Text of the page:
Domestic demand threatens Iranian gas exports

30 October 2008
Despite having the world’s second-largest gas reserves, Iran needs to take drastic action to curb spiralling domestic consumption that is hampering its ambitions to become a major global supplier.

When Iran’s top gas officials convened in Tehran in early October to discuss the country’s export plans, they could do little more than put a brave face on their attempts to become a major energy provider to the world.

In addition to the problem of US-led sanctions, Oil Minister Gholamhossein Nozari admitted that new government policies were urgently needed to curb rampant growth in domestic demand for natural gas, which threatens to derail the republic’s international export ambitions.

With heavy subsidies still in place for domestic users, Nozari called for a rebalancing of priorities. “We must make changes in order to fulfil all of these export ambitions,” he told an industry conference in Tehran on 4 October.

Iran, which has the world’s second-largest gas reserves, is aware that subsidies offer far too much help to local industries by keeping the price of petrol, natural gas and electricity artificially low.

The country has to import nearly half of its petrol because of a lack of domestic refining capacity. Petrol sold in Iran, whether from local sources or imported, is purchased at the rate of about $0.11 a litre, far below its true cost, putting a huge strain on government spending.

Supply shortages

Yet politicians and oil bureaucrats are wary of imposing new rules for consumers, who have bitter memories of gas supply shortages amid severe winter weather earlier this year.

Nozari admits Iran has a lot of “bottlenecks” in its gas industry, which must be ironed out. “We have to accept our country has a great market but we simply consume too much,” he says. “The only way to compensate for gas shortages in winter is to change consumption patterns and rectify prices. We have to decide what to target because all of these [gas export] plans cannot proceed with the way things are.”

Despite this unexpected note of realism, Nozari says it is still possible for the country to target a long-term share of the global gas market of 8-10 per cent, despite currently holding less than 1 per cent.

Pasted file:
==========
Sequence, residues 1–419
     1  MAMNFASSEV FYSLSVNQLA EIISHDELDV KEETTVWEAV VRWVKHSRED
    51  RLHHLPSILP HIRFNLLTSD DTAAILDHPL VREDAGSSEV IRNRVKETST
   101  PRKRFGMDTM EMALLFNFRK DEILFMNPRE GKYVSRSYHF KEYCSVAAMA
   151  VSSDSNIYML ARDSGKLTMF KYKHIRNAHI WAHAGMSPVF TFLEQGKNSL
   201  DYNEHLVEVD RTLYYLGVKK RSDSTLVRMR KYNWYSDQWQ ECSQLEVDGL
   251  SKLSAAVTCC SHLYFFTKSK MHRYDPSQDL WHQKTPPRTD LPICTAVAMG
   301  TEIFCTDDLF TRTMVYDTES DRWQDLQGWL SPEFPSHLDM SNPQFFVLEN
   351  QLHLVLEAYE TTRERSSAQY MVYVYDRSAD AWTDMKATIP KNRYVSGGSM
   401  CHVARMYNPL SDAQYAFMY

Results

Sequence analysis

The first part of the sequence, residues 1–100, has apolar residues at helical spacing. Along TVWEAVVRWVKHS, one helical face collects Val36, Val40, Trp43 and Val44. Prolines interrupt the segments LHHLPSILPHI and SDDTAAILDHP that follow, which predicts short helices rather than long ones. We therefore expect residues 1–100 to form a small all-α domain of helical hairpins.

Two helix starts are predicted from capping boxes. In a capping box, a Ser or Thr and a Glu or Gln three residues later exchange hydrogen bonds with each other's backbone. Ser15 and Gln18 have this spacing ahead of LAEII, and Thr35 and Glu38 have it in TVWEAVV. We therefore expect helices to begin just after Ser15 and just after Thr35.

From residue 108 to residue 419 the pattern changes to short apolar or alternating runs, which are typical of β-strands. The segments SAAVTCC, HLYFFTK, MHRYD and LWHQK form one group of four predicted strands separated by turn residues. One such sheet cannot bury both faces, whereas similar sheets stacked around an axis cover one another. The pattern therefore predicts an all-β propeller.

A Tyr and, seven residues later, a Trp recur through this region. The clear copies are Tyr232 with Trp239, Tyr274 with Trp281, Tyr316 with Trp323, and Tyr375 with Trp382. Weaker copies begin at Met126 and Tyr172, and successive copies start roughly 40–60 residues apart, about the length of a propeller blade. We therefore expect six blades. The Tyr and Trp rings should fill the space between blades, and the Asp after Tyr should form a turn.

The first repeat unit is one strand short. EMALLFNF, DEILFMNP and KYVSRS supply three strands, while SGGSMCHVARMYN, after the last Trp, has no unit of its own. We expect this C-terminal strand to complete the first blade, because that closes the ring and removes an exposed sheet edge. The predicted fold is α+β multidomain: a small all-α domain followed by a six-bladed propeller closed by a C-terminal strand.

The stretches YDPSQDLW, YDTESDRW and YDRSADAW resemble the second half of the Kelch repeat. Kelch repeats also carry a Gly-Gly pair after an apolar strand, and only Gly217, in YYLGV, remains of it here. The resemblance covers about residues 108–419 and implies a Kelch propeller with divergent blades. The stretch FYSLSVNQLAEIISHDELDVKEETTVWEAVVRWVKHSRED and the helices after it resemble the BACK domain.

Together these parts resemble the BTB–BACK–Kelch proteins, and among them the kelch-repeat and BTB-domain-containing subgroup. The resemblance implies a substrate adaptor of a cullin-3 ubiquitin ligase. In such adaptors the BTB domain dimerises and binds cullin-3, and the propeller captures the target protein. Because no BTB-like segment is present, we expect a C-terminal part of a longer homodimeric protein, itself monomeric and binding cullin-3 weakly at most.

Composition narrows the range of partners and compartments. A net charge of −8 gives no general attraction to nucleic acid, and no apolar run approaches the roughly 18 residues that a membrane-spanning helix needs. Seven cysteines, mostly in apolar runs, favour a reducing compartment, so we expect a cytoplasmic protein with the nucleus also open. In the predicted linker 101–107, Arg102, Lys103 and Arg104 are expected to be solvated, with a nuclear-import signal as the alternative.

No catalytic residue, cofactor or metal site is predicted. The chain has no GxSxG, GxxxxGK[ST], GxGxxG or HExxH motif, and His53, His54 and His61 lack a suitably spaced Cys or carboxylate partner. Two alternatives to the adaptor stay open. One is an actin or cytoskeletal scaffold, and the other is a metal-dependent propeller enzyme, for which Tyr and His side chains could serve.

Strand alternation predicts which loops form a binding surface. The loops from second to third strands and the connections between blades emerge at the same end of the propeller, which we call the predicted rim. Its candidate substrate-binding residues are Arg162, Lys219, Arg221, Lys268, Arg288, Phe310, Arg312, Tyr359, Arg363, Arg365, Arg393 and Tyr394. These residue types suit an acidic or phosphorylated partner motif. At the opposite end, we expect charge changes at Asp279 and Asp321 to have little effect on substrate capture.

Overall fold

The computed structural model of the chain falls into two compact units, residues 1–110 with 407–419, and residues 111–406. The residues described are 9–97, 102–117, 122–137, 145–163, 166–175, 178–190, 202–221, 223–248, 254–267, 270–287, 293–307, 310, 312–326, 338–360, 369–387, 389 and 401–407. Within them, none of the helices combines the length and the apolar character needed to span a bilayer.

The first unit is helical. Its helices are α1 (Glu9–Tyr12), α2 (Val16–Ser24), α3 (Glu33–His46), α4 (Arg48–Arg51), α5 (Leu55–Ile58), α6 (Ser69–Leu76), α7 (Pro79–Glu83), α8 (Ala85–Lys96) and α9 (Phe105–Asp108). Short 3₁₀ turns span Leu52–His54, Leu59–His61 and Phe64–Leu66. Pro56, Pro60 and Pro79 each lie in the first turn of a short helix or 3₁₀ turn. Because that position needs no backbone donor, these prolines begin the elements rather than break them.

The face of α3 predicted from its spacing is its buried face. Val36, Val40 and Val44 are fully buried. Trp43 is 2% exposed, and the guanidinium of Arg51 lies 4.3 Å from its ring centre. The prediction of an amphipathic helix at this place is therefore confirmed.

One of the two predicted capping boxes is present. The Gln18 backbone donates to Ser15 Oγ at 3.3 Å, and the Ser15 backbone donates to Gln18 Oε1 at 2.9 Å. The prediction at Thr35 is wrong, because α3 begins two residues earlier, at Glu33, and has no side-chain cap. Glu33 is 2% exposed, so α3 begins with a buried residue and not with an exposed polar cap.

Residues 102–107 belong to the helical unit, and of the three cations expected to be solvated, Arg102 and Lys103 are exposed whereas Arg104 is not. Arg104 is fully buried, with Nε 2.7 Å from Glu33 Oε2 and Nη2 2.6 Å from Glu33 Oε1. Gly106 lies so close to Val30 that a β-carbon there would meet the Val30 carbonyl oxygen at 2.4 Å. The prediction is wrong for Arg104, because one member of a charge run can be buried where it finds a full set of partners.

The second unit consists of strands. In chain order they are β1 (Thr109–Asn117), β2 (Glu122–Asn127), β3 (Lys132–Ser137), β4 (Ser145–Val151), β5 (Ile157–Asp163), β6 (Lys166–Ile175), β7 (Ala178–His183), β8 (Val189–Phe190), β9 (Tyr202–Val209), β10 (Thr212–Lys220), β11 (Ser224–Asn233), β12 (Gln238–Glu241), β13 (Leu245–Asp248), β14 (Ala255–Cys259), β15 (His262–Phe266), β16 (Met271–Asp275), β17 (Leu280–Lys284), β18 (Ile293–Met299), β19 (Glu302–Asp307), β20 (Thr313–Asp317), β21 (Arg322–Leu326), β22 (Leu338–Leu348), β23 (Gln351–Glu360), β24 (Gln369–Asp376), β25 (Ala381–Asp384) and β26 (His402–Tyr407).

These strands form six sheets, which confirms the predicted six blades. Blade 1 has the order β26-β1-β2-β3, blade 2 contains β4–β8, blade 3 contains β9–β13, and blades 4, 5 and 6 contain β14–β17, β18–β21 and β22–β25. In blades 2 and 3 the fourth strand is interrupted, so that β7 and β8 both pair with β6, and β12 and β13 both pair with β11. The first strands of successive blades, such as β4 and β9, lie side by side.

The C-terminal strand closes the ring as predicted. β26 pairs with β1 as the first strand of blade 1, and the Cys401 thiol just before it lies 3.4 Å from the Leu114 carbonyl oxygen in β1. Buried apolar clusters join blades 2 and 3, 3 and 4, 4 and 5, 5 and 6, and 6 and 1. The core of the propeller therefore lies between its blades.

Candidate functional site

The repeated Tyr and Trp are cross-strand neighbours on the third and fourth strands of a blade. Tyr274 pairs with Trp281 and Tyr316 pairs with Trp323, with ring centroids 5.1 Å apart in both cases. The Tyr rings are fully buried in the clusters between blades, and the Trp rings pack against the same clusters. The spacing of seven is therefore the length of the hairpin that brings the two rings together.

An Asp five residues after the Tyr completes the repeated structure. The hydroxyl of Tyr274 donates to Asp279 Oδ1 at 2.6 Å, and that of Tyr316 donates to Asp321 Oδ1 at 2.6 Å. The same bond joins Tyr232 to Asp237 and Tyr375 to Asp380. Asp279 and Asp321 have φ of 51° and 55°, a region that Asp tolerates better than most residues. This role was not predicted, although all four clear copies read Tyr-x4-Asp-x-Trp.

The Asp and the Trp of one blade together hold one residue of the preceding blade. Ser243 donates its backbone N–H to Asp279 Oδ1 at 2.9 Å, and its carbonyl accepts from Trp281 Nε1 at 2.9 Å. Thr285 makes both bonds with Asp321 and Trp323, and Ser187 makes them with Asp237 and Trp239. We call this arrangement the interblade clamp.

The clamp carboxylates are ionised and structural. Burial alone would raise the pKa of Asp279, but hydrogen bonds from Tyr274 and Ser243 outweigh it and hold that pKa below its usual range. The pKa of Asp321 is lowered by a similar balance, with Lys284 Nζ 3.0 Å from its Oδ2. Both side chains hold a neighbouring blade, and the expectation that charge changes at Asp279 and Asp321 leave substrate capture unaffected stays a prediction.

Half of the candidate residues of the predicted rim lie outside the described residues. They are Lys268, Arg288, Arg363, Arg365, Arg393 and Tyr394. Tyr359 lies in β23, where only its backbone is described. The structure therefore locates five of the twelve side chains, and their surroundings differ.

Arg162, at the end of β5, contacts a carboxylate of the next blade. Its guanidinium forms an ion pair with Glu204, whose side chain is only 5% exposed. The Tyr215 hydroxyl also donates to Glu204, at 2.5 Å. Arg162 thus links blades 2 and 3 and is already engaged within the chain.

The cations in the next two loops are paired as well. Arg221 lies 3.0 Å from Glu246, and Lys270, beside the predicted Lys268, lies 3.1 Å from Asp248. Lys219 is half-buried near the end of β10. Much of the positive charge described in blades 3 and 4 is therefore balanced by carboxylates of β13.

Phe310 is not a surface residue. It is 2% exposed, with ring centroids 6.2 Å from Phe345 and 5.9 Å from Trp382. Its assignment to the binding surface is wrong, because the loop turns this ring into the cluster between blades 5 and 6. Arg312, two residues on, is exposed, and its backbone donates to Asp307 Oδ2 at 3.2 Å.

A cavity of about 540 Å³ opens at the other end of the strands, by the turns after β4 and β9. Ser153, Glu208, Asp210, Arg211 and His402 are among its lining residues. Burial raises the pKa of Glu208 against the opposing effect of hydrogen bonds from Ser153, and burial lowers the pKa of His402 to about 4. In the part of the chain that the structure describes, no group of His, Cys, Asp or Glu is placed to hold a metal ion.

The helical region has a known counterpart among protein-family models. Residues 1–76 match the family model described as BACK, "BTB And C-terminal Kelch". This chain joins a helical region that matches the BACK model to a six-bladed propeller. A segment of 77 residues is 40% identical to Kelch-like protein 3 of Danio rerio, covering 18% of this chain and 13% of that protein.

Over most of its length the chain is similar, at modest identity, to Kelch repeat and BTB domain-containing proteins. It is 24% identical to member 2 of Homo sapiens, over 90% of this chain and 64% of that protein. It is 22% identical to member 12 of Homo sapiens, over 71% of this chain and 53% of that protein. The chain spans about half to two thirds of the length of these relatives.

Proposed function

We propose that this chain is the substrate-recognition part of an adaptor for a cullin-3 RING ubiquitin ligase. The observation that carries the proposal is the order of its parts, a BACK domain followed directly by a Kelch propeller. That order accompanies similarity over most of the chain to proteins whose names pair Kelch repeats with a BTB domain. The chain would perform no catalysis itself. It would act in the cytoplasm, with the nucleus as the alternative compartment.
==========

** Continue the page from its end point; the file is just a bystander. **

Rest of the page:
“Given the huge gas reserves in the country, we have sufficient gas to inject into oil fields, for home consumption and for industrial development,” Nozari told the conference.

But analysts and experts on the sidelines of the conference were more pessimistic about the country’s gas export plans.

Tehran-based energy expert Narsi Ghorban says no gas export projects will go ahead unless subsidies are scrapped and changes are made to how gas resources are developed.

“A major policy change is needed to engage the private sector in all aspects of the gas business,” says Ghorban. “Nothing less will do.”

Several of the world’s largest oil companies, including France’s Total and the UK/Dutch Shell Group, froze their involvement in South Pars projects earlier this year because of sanctions pressure from the US, which remains concerned about Tehran’s nuclear ambitions.

The real growth area is expected to be exports via pipelines. Pipeline projects that require Iranian involvement include the Nabucco pipeline, which aims to carry gas from Central Asia to Europe by 2013, and a $4bn natural gas pipeline to the EU that could rival Nabucco.

Deputy Oil minister for Planning Akbar Torkan tells MEED that Iran is also considering switching some existing liquefied natural gas (LNG) contracts to pipeline deals.

“We have had difficulties with some of these LNG projects but we have a lot of options at our disposal for the way we can use gas from the South Pars fields,” he says.

Buyback deals

Torkan also raises the issue of the republic’s much-disliked buyback contracts, which are signed with oil firms looking to invest in Iran. Under the current buyback system, an inter-national oil company (IOC) pays for the cost of a project up front.

It then recoups its costs and a fixed profit from the sale of petroleum products over a five or seven-year period. Effectively, the IOC acts as a contractor and never gains any equity rights over the oil.

Critics argue that there is little incentive for investors to optimise production, as IOCs receive no extra profit for boosting output beyond a certain target.

Torkan says the buyback formula must be revised to attract more foreign investment, although he rules out making a wholesale change to production-sharing contracts.

But changes are being made. Tehran recently confirmed it is to sign its first production-sharing deal within weeks, with Brazil’s Petrobras taking a stake in the development of oil and gas resources in the Caspian Sea.

While Tehran continues to pursue a global customer base, Ghorban says a more realistic option in the interim comes in the form of deals with its regional neighbours.

Talks have already been held with Bahrain, Oman, the UAE and Kuwait - countries where the threat of US sanctions is less likely to stop the deal being done.

“It may be that Tehran’s own neighbours are the best place to kickstart the country’s international plans,” Ghorban tells MEED.

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